After Top Cat his work in feature films outshone his television appearances. Though he appeared in Jerry Lewis' The Nutty Professor, he later said in an interview that Lewis cut out many of his scenes and was mean to him. But he had a memorable scene with Top Cat alumnus Arnold Stang in It's a Mad Mad Mad Mad World. He also appeared in Blake Edwards' comedy The Great Race. Meanwhile he was logging more TV guest spots on shows such as McHale's Navy, Honey West, Gomer Pyle USMC, and My Three Sons. He also returned to his original vocation as a script writer, penning episodes of The Addams Family, The Bill Cosby Show, Mod Squad, and Maude. In 1971 he had a recurring role on the comedy The Chicago Teddy Bears, which starred Dean Jones and John Banner. His credits in the 1970s were sparse until he was cast as telephone repairman and regular diner customer Henry on Alice, appearing 82 times between 1978 and 1985. In 1984 he joined the California Artists Radio Theatre and served on its board for 32 years. He also served as President of the Los Angeles chapter of the American Federation of Television and Radio Artists for 8 years. More occasional work followed in the 1980s, including reprising the voice of Choo-Choo in Top Cat and the Beverly Hills Cats. In 1990 he appeared in the David Lynch film Wild at Heart and then was cast as Dwight McGonigle in the TV series On the Air which Lynch had started but left after becoming bored, leading to the show's cancellation after 7 episodes. He appeared as Mr. Gordon in 4 episodes of the Ted Danson series Becker and provided various voices for The Garfield Show between 2008 and 2013. He died of natural causes at age 89 on August 25, 2016.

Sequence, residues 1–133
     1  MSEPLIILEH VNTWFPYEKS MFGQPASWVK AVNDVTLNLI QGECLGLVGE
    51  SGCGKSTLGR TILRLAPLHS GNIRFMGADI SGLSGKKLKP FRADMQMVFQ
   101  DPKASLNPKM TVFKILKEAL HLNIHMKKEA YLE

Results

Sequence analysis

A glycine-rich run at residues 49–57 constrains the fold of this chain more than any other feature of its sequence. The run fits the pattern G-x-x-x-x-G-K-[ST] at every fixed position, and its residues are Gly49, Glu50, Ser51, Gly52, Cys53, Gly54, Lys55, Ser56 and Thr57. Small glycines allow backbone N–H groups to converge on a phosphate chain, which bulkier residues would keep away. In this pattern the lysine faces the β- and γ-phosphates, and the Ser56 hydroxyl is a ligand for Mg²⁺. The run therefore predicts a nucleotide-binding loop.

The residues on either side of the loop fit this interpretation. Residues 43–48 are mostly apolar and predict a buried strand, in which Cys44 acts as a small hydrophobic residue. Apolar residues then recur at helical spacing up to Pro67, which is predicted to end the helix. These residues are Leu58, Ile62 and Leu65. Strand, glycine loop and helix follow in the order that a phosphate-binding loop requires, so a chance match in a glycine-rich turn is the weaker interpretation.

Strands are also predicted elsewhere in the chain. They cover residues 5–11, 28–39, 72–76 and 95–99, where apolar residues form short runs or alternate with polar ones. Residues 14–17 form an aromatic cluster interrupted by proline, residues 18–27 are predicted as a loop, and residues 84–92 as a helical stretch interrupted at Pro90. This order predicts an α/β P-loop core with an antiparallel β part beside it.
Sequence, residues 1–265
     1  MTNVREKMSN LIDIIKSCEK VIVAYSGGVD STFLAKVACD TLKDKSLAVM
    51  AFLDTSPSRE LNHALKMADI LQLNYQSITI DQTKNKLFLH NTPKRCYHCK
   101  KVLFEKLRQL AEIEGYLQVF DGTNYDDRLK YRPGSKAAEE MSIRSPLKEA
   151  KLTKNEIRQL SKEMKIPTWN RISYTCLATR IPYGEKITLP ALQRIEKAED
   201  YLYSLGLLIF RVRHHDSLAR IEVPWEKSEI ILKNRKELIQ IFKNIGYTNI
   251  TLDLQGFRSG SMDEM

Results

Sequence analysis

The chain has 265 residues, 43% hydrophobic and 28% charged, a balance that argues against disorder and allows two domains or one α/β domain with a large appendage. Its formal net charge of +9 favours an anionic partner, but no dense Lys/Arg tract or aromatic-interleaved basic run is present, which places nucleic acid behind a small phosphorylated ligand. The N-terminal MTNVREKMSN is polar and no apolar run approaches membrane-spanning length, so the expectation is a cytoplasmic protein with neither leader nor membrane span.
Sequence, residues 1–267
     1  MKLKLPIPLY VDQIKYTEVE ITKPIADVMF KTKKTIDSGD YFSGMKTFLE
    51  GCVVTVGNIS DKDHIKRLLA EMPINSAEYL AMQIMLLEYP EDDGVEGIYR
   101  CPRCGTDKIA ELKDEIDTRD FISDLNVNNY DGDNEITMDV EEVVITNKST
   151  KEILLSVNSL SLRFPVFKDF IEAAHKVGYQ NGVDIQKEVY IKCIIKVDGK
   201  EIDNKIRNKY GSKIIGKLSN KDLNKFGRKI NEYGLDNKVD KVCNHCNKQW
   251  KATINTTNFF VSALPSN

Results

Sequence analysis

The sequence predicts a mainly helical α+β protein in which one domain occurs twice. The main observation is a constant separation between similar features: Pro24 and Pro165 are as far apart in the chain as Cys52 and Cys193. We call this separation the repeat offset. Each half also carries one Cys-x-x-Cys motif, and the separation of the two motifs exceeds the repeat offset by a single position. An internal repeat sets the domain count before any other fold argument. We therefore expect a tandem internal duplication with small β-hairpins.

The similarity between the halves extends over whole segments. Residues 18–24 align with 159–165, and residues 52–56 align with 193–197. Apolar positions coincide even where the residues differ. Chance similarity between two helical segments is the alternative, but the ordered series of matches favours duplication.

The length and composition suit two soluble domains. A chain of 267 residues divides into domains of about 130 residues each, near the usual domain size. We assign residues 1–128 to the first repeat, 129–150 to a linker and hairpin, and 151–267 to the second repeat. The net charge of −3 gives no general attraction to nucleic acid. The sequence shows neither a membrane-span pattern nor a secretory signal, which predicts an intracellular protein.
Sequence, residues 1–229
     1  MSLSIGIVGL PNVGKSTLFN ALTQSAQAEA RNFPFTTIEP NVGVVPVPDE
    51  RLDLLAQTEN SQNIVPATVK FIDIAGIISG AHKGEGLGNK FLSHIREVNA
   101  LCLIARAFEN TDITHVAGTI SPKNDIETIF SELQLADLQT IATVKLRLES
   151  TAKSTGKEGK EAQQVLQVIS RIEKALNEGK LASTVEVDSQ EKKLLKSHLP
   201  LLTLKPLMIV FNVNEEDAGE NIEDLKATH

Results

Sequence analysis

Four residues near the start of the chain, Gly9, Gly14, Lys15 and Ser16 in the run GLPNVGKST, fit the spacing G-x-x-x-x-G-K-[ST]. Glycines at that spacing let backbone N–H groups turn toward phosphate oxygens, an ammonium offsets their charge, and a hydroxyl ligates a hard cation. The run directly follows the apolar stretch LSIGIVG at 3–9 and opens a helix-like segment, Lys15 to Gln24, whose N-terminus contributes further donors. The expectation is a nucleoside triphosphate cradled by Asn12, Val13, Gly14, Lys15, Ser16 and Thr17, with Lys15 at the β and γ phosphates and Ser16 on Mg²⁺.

Allen Jenkins

Born Alfred McGonegal on Staten Island in 1900, Jenkins was the son of two musical theater performers, Robert and Leona Jenkins. During World War I he helped build ships at the Brooklyn Navy Yard and later found work in the theater as a stage mechanic. He then attended the American Academy of Dramatic Arts and made his theatrical debut in a production of Checkers. Soon thereafter he would dance in a chorus with up-and-comer James Cagney in Pitter Patter. He would go on to appear in productions of Rain, What Price Glory?, The Front Page, Five Star Final, and Blessed Event. After taking over the role vacated by Spencer Tracy in a Broadway production of The Last Mile, he was summoned to Hollywood by Darryl F. Zanuck and originally signed to Paramount Pictures before moving over to Warner Brothers. His first film appearance came in the 1931 short Straight and Narrow, the first of some 175 film credits in which he often played comic heavies, from gangsters to policemen, including the film version of Blessed Event in 1932, I Am a Fugitive From a Chain Gang, 42nd Street, A Night at the Ritz, Destry Rides Again, Tin Pan Alley, Dive Bomber, Ball of Fire, and The Inside Story. He broke into television in 1952, appearing on shows such as Racket Squad, The Life of Riley, and I Love Lucy. His first recurring role was playing Johnny on The Duke in 1954, followed by 5 appearances as Alfie Malone on Damon Runyan Theater in 1955-56. Over the years he appeared as the character Muggsy on 11 episodes of The Red Skelton Hour  between 1954-62. He played cab driver Al Murray on 26 episodes of the Jeannie Carson sitcom Hey, Jeannie! in 1956-57 and had a supporting role as an elevator operator in the Doris Day-Rock Hudson feature Pillow Talk in 1959 before being cast as Officer Dibble on Top Cat 2 years later.